Directory of U.S. Military Rockets and Missiles
Appendix 4: Undesignated Vehicles
M982 Excalibur
Copyright © 2024 Andreas Parsch

Raytheon Excalibur (155 mm Projectile M982)

In 1986, the U.S. Army Tank-automotive and Armament Command, Research, Development and Engineering Center (TACOM/ARDEC) began the development of a rocket-assisted precision-guided 155 mm gun projectile. The projectile's payload was to be 85 XM80 DPICM (Dual Purpose Improved Conventional Munition) bomblets, and it was therefore known as the 155 mm Extended Range DPICM Projectile, M982. Ballistic tests of the basic design in early 1997 were successful, and in February 1998, Raytheon was awarded an EMD (Engineering & Manufacturing Development) contract for the XM982 projectile. Later the name Excalibur was allocated to the weapon.

Photo: Raytheon
XM982 (original fin design)
Warheads (from top): 64x M85 DPICM, 2x SFM, Unitary

The Excalibur round can be fired from several types of 155 mm artillery, including the M198 and M777 towed howitzer, and the M109A6 "Paladin" self-propelled howitzer (SPH). The XM2001 "Crusader" SPH, for which the XM982 was originally developed, was cancelled in May 2002. The Excalibur's guidance system consists of a GPS-aided IMU (Inertial Measurement Unit) and the projectile is stabilized and controlled by flip-out fins and canards. The original design had four tailfins, but this was changed to a different design with eight smaller fins, which lie flush around the body before deployment. Although the Army's original XM982 design, which was tested in 1997, featured a base-burning rocket assembly for extending the range, Raytheon's EMD design has no propulsion of its own. The range extension by the non-ballistic flight path, made possible by the aerodynamic control surfaces, is enough to fulfill the requirements. With current artillery, Excalibur has a range of about 40 km (25 miles) with an accuracy of 4 m (13 ft) CEP or better.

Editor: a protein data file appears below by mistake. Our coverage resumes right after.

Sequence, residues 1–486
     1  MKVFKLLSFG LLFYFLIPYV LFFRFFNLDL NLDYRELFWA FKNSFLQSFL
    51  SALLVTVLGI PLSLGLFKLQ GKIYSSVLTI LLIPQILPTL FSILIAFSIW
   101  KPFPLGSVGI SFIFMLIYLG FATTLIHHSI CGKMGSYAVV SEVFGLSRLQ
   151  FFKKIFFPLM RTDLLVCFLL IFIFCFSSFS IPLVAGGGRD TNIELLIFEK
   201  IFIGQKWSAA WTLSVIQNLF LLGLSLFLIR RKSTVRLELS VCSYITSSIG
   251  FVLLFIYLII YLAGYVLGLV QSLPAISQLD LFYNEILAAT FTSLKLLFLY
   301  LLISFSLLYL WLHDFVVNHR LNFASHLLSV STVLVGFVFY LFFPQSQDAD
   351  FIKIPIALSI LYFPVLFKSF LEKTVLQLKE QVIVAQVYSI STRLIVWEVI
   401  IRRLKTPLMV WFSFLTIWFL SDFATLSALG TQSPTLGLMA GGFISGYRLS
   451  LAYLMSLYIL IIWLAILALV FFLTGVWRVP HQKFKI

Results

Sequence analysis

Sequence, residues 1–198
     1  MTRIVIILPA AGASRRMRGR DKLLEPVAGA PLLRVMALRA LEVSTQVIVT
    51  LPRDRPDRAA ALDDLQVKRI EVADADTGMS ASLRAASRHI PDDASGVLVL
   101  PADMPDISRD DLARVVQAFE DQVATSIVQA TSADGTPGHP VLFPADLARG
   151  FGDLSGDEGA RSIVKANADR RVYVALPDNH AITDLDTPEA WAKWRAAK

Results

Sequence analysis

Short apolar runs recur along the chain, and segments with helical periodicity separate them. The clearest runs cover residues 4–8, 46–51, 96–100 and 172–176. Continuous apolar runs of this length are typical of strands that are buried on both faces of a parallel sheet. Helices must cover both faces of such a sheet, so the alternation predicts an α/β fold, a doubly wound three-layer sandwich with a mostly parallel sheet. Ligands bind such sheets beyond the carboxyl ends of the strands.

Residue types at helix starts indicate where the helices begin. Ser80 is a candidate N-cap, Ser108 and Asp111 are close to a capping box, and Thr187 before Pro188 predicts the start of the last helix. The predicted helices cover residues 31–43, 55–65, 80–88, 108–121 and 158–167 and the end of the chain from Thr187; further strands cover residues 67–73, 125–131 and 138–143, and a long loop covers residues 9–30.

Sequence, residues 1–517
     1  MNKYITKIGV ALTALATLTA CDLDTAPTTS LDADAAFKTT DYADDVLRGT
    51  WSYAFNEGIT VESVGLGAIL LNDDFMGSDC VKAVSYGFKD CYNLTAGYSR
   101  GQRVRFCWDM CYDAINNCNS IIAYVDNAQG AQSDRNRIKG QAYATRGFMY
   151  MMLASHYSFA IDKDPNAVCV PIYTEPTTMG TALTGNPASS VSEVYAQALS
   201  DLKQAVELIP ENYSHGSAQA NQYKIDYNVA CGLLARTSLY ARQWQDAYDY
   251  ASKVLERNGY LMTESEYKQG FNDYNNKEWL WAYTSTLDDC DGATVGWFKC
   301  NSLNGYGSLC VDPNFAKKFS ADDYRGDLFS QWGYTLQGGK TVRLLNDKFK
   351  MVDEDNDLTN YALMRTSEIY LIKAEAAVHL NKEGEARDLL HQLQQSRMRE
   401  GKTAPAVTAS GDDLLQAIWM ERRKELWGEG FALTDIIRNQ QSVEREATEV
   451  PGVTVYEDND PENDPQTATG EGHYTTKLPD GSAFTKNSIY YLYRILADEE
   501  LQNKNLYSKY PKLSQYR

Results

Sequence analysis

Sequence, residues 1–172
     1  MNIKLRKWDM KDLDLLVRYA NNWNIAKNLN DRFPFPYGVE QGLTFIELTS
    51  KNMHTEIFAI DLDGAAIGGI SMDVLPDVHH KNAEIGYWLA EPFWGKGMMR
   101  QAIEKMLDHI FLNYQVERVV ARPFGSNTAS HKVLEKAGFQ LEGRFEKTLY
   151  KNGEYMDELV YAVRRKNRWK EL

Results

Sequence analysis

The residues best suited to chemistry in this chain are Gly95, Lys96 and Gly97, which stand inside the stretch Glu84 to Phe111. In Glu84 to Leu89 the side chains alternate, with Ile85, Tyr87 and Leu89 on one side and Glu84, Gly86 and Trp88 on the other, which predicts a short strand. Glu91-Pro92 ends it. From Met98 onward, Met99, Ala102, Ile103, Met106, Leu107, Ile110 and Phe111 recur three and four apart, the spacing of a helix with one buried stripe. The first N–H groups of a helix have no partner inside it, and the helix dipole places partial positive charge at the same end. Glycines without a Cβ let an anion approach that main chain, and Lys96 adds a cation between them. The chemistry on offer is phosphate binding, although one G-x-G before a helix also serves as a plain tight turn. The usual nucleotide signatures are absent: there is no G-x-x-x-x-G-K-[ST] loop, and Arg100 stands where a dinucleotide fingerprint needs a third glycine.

Photo: U.S. Army
XM982 (inert round)

The first payload to be integrated with Excalibur was originally planned to be a submunition warhead with 64 M85 DPICM bomblets (the same as used by the M26A1 MLRS rockets). However, this was changed to a unitary high-explosive warhead in the so-called "Increment I" of Excalibur.

The first unguided test flight of an XM982 round occurred in September 2001, and in July 2002 a maximum energy test shot proved the survivability of the guidance electronics. After accelerated development, Excalibur Increment Ia-1 XM982, with a reduced range of 23 km (14 miles), entered service in 2007. In the same year, it was used successfully in combat in Iraq. The next development step was the Increment Ia-2, M982. It featured jamming resistance in the GPS receiver and 40 km (25 miles) range. In 2018, the full-capability Increment Ib, M982A1 reached full-rate production. It has a further improved jamming-resistant GPS unit, and upgraded software to allow user-defined projectile trajectories. In a firing test in 2020 from an M1299 ERCA (Extended Range Cannon Artillery) howitzer, Excalibur reached a range of 70 km (43 miles).

Photo: U.S. Army
M982 (exact version unknown)

Raytheon has privately developed additional variants. Excalibur S adds a semi-active laser seeker to the round, for high accuracy in GPS-denied environments. Excalibur HTK has an anti-armor warhead and a seeker for autonomous targeting of moving targets, and Excalibur N5 is a variant for naval 5-inch guns.


Note: Data given by several sources show slight variations. Figures given below may therefore be inaccurate!

Data for 155 mm Projectile, M982A1:

Length1.0 m (39.2 in)
Diameter155 mm (6.1 in)
Weight48 kg (106 lb)
Range40 km (25 miles)
Warhead22 kg (48.5 lb) PBXN-9 Unitary

Main Sources

[1] Raytheon: Excalibur Projectile
[2] Wikipedia: M982 Excalibur
[3] U.S. Army: Excalibur Precision 155 mm Projectiles

Back to Directory of U.S. Military Rockets and Missiles, Appendix 4

Last Updated: 27 January 2024